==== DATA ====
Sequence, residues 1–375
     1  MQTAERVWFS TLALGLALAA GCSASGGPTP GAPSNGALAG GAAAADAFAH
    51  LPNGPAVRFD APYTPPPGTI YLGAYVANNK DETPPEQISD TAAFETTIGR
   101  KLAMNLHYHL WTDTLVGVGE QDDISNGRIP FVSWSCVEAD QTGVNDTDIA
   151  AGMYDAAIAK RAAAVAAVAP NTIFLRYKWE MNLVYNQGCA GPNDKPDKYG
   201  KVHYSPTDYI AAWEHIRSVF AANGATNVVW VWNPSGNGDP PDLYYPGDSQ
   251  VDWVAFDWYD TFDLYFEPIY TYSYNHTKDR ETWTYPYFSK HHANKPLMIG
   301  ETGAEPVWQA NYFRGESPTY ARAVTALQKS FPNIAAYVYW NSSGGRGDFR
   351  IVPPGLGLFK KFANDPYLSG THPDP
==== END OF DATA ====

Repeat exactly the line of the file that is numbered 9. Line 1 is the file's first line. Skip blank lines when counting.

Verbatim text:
   351  IVPPGLGLFK KFANDPYLSG THPDP